In terms of external perceptions, this means that the radical changes occurring in many of our organizations and practices are perceived with great diversity, from a) unobserved and lost to the ether, b) resented departures from the “life of the mind”, c) welcome adjustments to a digital era, to d) nostalgic spasms of fiscal waste.
While all of these narratives are strong, I believe that the image of the library as a reliable, quiet bastion of bookdom has the most dogged cultural persistence. There is as much support in this perception as there is danger of obsolescence. We represent many things to people, but when we go about the process of changing, some of those representations begin to look and feel unfamiliar.
In my observation, library users tend to want and expect a consistent experience, and one that reflects their understanding of the purpose of the institution (free and unbiased access to materials, information support, public space, warehouse of print journals, etc.). Patrons desire free and easy access to content and assistance, which librarians want nothing more than to provide. However, when our methods and media of provision shift, some are better served by change while others are not.
Paradoxically, libraries are at once fixed and dynamic by nature. As our collections, structures, strategies, and staff evolve constantly to reflect the needs and resources of our communities, they do so based on an unchanging commitment to access and discovery. From the user perspective, I observe that this dynamism has long been obscured by an oversimplified end product: content. Both the principle and process of the library life cycle have been hidden from the public for decades by design, acquisition and description and redefinition occurring under wraps and behind closed doors, poorly communicated and seldomly vetted. In other words, the what of libraries stands in the way of our why and how.
As this why and how is called into question, our changing impact on the collective experience merits careful consideration. Are libraries doing the work to foster future memories, enthusiasts, and advocates? Are we creating irreplaceable and unique experiences, or has the cultural context changed to the degree that these experiences are being had elsewhere? These questions are well worth exploring, and present interesting challenges on the path to relevancy and redefinition.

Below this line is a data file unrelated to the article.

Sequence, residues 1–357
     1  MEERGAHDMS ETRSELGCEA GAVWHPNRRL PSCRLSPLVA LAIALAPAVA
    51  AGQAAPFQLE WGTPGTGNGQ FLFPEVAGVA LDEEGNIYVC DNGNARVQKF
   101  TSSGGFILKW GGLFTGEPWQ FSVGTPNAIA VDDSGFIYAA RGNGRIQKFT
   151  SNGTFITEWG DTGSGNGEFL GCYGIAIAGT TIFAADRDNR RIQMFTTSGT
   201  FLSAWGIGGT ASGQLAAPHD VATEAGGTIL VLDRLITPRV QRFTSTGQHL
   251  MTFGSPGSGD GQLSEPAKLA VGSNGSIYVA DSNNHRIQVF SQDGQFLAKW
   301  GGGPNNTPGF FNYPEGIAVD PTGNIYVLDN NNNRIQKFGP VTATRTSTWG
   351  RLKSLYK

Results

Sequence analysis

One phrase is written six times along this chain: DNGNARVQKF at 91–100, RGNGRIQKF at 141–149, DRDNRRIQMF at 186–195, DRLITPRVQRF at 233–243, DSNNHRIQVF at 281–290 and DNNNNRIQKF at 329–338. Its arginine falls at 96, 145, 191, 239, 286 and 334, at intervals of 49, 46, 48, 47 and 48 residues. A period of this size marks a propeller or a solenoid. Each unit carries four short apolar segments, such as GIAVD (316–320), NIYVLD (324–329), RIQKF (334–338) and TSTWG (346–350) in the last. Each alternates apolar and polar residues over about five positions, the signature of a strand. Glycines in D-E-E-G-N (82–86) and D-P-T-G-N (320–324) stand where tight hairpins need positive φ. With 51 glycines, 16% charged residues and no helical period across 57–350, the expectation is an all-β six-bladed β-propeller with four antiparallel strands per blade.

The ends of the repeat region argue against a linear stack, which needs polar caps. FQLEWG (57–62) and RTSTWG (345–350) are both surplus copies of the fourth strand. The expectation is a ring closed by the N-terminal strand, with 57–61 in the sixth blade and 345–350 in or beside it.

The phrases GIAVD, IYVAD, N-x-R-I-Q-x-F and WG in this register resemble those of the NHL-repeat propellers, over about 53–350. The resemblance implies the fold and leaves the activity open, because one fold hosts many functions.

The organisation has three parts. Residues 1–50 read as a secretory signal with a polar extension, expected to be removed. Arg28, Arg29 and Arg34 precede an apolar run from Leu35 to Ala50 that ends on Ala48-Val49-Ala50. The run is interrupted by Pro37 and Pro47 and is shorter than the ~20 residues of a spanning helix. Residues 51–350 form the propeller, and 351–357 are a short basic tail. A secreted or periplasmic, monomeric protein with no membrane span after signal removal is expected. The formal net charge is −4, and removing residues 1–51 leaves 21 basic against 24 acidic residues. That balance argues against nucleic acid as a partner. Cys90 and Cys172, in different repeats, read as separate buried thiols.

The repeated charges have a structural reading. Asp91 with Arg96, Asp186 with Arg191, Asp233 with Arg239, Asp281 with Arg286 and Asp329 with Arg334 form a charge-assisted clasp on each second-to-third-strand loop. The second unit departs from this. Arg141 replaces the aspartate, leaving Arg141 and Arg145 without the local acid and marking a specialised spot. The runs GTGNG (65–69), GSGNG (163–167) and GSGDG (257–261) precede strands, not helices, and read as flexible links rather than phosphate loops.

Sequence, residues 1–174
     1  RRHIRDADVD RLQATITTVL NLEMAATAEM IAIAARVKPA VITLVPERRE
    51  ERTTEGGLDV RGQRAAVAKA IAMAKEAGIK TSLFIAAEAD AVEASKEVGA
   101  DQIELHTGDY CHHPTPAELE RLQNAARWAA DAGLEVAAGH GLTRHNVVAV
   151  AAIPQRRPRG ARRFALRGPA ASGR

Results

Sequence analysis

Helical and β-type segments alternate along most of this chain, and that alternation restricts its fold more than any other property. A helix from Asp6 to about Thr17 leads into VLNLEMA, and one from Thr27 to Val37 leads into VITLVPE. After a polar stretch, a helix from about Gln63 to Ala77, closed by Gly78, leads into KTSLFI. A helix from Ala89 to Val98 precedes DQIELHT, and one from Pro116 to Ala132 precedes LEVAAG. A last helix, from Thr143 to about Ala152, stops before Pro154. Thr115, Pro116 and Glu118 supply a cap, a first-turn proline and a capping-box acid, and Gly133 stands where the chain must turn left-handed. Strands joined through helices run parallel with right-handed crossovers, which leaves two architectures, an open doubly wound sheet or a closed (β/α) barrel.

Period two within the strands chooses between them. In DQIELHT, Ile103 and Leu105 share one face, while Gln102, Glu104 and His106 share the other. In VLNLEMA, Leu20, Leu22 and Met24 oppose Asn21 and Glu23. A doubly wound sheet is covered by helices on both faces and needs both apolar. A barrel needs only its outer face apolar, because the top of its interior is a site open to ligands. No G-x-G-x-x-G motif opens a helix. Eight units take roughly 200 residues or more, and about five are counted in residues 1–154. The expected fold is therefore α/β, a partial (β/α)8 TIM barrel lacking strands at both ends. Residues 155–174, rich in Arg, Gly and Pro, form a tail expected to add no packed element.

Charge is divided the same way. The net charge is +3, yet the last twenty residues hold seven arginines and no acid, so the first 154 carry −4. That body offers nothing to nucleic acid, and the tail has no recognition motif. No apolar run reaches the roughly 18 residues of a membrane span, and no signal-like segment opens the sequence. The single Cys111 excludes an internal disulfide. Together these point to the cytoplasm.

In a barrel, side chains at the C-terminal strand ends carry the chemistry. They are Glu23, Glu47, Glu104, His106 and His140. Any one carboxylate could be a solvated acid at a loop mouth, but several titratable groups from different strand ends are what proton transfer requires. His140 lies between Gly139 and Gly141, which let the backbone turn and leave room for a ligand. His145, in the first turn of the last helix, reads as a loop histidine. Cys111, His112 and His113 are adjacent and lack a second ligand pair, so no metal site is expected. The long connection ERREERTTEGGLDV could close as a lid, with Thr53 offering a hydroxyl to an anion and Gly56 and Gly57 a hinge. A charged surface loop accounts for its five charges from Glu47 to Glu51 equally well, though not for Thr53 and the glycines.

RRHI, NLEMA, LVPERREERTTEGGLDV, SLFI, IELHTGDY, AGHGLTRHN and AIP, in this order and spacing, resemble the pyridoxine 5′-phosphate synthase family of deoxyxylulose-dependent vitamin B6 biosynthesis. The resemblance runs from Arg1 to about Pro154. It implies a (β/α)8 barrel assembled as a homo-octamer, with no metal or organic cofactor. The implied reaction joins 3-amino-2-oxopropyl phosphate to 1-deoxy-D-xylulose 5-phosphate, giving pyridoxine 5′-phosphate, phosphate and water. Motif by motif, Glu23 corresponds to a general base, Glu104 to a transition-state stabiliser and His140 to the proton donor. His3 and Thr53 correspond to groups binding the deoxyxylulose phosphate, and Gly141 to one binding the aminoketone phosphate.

In my opinion, those of us who help define libraries should keep one creative eye on the future and one reflective eye on artifacts like the Peabody posters. Service innovations, new roles and collaborations, contributions to the digital transition, physical and digital facility redesigns, participatory media projects, and process redefinitions such as patron-driven acquisitions are not enough. It is critical to communicate the why, how, and what of new library iterations with equivalent urgency, and connect them to the unique cultural role and principle of libraries past and future.
The more I look at these images, the more clearly I observe that not only have core library values remained true through tectonic shifts, they have shaped the shifts themselves. As we open and adapt practice and process to the user, we should always remember (and relentlessly remind) that, in addition to materials, it is individual experiences and irreplaceable principles that make libraries libraries. This cumulative advocacy will ensure that our organizations are understood, shaped, and perceived as of enduring value to the collective social memory.